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ELEANOR RIGBY: MOD ICON OR THE GIRL YOU LOVE TO HATE?

 Time to put the record straight.

Although her debut single I Want To Sleep With You was controversial and Over and Over her most popular and she even had a number one with You Only Live Twice, it’s the track Think For Yourself which was her personal favourite. So she would be the first to tell people to have an opinion and don’t be a sheep. So if you truly know the Eleanor Rigby story and you have genuinely heard all her music with an open mind and thought, ‘Nah, that’s not for me I don’t like the music’ then fine, she would salute you and say everybody is entitled to an opinion.

 Just because John & Paul Weller, Ray Davies, Blur, Oasis, Shirley Manson from Garbage, Sarah Cracknel from St Etienne, John Barry, Buster Bloodvessel and Cubby Broccoli all liked her and her music, doesn’t mean you have too. All that tells you is that the music probably isn’t crap and her singing must be half decent if such heavyweights like it that much, but as stated you can all make up your own mind and many of you did.

 Many Mods do undoubtedly like Eleanor Rigby and like her music, as was evident by her record sales, the fact that she got the 5,000 maximum friends on Facebook in just a week, 100,000 hits on Myspace when a page went up a few years back and about the same amount of hits on her videos at YouTube. Yes she is genuinely very popular even years after she disappeared. It’s a sad fact that internet trolls & misogynists seem to have the loudest voices in general and not just on the Mod scene and it’s easy to think this small minority who slag her off at a moment’s notice are the majority. They are not and we are even going to give some the benefit of doubt and say it’s not their fault they have been misinformed.

The best-case examples are a number of people writing in when Eleanor’s music went up on Myspace. Most of the emails all said very similar things like ‘I can’t believe I missed out on your great mod music all these years, it’s excellent and I was told it was crap so never got it’. This was the overwhelming sentiment. Lots of people were also very appreciative when the videos went up saying that at last they could give an opinion of this artist and not rely on someone’s second hand opinion of a rumour etc etc.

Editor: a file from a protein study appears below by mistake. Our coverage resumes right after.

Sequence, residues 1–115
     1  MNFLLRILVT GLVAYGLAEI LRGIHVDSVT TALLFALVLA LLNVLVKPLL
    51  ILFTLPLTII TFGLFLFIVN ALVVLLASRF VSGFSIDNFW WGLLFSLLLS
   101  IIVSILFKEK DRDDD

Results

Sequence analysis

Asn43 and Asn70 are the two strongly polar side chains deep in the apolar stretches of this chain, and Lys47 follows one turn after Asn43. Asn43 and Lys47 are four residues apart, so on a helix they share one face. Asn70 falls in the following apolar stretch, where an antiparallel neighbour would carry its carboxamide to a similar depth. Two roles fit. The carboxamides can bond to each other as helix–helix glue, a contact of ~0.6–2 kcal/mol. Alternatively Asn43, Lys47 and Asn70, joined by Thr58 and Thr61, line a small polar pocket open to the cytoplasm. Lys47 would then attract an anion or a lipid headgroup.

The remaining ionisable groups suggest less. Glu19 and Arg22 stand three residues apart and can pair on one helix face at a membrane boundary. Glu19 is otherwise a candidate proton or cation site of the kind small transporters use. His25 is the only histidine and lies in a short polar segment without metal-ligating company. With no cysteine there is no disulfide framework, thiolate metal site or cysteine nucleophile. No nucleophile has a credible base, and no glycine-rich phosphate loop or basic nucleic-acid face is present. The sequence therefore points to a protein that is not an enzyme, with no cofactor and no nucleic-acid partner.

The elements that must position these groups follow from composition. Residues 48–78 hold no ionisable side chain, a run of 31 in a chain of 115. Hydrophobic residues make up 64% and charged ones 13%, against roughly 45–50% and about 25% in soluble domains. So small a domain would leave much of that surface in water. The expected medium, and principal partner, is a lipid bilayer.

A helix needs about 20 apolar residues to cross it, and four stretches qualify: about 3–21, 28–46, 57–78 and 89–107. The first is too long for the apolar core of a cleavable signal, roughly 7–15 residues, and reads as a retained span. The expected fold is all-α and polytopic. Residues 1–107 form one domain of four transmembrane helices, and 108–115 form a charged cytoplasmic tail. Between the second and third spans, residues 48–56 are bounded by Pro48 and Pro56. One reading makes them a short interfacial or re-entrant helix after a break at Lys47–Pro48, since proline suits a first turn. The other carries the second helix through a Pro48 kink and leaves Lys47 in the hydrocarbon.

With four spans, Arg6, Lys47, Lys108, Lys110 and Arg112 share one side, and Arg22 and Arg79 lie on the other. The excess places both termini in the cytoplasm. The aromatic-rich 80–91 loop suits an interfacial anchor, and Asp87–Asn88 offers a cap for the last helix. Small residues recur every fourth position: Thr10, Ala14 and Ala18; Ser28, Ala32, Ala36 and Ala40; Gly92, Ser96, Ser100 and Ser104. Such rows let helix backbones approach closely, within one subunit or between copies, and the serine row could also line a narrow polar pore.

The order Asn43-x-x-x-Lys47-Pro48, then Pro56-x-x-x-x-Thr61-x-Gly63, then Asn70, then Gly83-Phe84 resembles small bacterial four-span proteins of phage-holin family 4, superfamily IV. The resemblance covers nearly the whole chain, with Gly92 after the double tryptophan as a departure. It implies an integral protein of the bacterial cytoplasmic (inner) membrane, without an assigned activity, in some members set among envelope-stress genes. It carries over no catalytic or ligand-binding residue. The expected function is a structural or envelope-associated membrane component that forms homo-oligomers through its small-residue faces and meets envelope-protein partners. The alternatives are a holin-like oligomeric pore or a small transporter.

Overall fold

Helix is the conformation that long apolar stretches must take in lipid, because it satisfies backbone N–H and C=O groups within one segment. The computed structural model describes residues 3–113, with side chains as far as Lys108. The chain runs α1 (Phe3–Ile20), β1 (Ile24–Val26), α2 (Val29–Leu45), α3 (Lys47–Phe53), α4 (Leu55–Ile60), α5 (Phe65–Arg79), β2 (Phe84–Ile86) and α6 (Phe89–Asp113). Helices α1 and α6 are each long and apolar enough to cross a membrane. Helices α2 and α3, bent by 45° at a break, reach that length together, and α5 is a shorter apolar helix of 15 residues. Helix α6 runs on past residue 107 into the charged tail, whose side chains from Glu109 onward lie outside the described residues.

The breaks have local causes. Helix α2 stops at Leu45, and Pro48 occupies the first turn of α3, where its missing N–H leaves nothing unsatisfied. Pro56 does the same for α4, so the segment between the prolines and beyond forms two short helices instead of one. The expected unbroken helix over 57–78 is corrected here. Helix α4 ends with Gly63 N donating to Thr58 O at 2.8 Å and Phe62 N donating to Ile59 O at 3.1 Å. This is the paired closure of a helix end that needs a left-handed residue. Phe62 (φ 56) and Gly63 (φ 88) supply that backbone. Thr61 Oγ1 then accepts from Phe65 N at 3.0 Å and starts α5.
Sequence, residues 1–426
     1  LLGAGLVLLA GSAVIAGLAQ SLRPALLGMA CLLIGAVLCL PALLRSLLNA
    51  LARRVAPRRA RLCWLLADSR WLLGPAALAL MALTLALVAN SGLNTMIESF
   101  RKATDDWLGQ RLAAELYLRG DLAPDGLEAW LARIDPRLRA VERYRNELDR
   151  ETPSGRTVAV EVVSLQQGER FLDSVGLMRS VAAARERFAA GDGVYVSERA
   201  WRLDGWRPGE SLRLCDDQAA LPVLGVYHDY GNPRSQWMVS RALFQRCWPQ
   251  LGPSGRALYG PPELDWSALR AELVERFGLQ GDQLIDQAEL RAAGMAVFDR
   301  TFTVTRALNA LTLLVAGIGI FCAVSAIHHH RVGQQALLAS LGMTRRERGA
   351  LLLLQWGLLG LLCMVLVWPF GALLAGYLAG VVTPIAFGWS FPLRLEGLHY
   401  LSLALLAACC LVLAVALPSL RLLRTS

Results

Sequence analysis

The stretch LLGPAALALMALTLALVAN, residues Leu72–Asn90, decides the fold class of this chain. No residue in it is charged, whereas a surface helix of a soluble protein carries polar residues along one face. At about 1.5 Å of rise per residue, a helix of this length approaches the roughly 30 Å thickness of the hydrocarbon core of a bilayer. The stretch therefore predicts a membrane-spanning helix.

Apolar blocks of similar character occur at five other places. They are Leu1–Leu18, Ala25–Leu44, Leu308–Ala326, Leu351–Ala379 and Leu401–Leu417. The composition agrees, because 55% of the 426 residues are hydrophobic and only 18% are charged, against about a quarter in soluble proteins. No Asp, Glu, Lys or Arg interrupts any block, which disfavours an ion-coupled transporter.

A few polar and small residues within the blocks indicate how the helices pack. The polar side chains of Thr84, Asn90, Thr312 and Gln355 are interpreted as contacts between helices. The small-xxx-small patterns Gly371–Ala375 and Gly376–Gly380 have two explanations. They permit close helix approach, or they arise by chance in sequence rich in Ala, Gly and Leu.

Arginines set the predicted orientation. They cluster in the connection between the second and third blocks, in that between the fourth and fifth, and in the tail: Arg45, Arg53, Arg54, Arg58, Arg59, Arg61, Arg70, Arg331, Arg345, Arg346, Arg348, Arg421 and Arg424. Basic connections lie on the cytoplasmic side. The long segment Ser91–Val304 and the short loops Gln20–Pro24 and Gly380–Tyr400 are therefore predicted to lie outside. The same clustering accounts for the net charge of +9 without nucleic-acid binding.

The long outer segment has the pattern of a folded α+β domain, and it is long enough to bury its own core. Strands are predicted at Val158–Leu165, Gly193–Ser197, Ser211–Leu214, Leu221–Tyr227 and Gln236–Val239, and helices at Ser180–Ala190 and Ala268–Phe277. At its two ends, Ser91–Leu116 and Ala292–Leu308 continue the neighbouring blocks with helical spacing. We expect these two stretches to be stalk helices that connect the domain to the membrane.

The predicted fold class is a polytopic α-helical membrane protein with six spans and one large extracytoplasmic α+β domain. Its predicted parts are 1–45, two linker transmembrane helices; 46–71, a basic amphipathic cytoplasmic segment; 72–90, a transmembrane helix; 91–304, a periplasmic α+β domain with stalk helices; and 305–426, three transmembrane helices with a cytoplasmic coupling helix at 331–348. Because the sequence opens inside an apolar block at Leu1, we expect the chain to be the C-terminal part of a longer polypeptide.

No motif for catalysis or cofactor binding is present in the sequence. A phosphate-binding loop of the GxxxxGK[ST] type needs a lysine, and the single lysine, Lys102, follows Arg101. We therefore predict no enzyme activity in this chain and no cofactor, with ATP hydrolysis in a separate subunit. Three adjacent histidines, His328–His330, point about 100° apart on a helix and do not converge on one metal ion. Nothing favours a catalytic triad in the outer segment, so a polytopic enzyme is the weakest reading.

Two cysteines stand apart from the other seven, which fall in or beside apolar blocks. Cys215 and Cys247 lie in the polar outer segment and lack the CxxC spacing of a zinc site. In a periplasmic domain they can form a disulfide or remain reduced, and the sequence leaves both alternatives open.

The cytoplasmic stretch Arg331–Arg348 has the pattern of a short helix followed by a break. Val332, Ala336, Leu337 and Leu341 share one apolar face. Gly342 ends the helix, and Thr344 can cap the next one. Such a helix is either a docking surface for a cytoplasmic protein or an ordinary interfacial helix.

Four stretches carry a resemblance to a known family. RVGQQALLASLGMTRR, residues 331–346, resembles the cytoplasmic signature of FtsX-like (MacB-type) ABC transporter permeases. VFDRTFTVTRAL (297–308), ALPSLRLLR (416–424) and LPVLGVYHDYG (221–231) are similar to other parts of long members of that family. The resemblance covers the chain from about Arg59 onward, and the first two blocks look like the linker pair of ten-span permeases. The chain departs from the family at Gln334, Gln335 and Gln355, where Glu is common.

Once again we point out that if someone had genuinely heard the music and not liked it fine, but what many did not know, although a few did, was that there was a big hidden agenda on the Mod scene in the mid 80’s so we think the time is right to put the record straight and to also put the case forward for Eleanor being a big positive for the Mod scene and give her some long overdue respect.

Eleanor was number one in the Mod chart for quite a while and sold out quite a lot of concert tours in Europe and also did well in concert in the UK but then along came a loud mouth yank that ran a weekly mod paper, The Phoenix List. He wanted to control the Mod scene and even worse he had a very dodgy hidden agenda. All we can say is ‘file under p and reverse it’ or maybe he moved to Rotherham. (If you read the news you will get the drift).

Eleanor & partner Russell thought his activities needed exposing and although his activities were common knowledge to many, nobody would speak out through fear or getting a bad review or not getting a lucrative concert date that he also had a big hand in.

 Eleanor spoke out and the next thing you know his weekly paper was saying things like her music was terrible, her concerts were terrible and also saying that they were cancelled and that she was cashing in on the Mod scene and not even a Mod.

 Sadly outside of London the only way people found out what was going on in the Mod scene was reading this weekly Mod List and they believed everything they read. So for many years this was the only opinion of Eleanor people had until as stated some finally heard her music and saw her videos via the internet and found that what had been written about her and her music was not correct.

 Of course Eleanor still had quite a few fans but here are some facts to show what effect it had and why a small minority still hate her today.